It’s become abundantly evident that domestic U.S. data alone don’t dictate the Federal Reserve’s stance.
Global economic data and gyrations in financial markets also influence monetary policymaker’s assessment of the outlook for inflation and employment in the U.S.
Fed Chair Janet Yellen’s speech at the Economic Club of New York on Tuesday reinforced that the central bank places a great weight on these market and international variables — and Deutsche Bank AG Chief International Economist Torsten Slok has a chart that shows just how worried the Fed is about the rest of the world (click on the chart to enlarge):
“It is clear that the rest of the world is playing a more and more important role in Fed policy,” wrote Slok. “Time will tell if this is an appropriate strategy.”
Risk assets responded positively to the Fed’s emphasis on the underwhelming global economic backdrop, with market-based measures of inflation compensation, stocks, and commodities all catching a bid upon the release of Yellen’s remarks.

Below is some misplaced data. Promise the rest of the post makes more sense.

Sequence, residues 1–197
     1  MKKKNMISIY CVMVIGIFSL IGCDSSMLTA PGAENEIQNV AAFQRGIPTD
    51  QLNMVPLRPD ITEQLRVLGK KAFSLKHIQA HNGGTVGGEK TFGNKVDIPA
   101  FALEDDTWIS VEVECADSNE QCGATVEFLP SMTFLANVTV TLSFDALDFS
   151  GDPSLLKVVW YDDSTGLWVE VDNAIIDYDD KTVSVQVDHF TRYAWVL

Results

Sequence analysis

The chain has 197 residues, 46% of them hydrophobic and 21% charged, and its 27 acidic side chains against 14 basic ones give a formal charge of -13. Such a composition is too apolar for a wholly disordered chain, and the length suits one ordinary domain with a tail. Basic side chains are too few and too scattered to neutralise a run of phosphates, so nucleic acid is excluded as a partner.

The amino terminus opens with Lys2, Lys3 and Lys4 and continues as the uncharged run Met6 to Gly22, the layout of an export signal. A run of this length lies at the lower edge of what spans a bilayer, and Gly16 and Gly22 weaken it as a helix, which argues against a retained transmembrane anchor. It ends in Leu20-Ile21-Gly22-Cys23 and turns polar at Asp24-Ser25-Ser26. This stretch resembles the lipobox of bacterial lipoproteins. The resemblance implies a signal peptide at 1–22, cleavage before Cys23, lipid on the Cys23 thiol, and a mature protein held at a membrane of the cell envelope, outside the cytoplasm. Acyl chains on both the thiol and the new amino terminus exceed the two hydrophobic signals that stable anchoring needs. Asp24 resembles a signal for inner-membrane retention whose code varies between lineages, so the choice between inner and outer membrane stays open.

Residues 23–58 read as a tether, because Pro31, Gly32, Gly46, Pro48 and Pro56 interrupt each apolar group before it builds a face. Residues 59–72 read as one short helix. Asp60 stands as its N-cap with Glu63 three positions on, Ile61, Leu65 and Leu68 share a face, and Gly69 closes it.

“To illustrate why the Fed’s clear shift to a more dovish stance is so effective in reducing uncertainties in financial markets, consider our recent survey of U.S. credit investors,” explained Hans Mikkelsen, head of high grade credit strategy at Bank of America Merrill Lynch. “Arguably at least three — if not all — of the top-four investor concerns — China, oil prices, geopolitical risk and slow recovery — are mitigated to some extent by the more dovish Fed.”
Yellen alluded to this reflexivity between markets and the Fed in molding the economic outlook in Tuesday’s speech.